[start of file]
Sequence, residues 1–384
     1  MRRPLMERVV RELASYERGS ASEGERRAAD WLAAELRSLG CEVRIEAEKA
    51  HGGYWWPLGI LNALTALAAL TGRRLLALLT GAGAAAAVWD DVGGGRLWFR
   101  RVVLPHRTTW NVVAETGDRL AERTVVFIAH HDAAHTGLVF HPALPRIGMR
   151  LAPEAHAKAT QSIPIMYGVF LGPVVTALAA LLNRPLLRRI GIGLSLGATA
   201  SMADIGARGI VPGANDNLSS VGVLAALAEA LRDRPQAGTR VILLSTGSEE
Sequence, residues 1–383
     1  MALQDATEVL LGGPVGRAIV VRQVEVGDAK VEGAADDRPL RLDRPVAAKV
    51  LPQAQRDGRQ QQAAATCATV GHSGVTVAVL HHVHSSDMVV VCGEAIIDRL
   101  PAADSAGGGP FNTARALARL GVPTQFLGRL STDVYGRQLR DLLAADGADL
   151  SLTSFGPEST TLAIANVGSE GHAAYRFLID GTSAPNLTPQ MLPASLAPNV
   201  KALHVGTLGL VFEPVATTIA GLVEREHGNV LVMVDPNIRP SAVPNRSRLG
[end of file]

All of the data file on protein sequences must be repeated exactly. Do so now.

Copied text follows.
Sequence, residues 1–384
     1  MRRPLMERVV RELASYERGS ASEGERRAAD WLAAELRSLG CEVRIEAEKA
    51  HGGYWWPLGI LNALTALAAL TGRRLLALLT GAGAAAAVWD DVGGGRLWFR
   101  RVVLPHRTTW NVVAETGDRL AERTVVFIAH HDAAHTGLVF HPALPRIGMR
   151  LAPEAHAKAT QSIPIMYGVF LGPVVTALAA LLNRPLLRRI GIGLSLGATA
   201  SMADIGARGI VPGANDNLSS VGVLAALAEA LRDRPQAGTR VILLSTGSEE
Sequence, residues 1–383
     1  MALQDATEVL LGGPVGRAIV VRQVEVGDAK VEGAADDRPL RLDRPVAAKV
    51  LPQAQRDGRQ QQAAATCATV GHSGVTVAVL HHVHSSDMVV VCGEAIIDRL
   101  PAADSAGGGP FNTARALARL GVPTQFLGRL STDVYGRQLR DLLAADGADL
   151  SLTSFGPEST TLAIANVGSE GHAAYRFLID GTSAPNLTPQ MLPASLAPNV
   201  KALHVGTLGL VFEPVATTIA GLVEREHGNV LVMVDPNIRP SAVPNRSRLG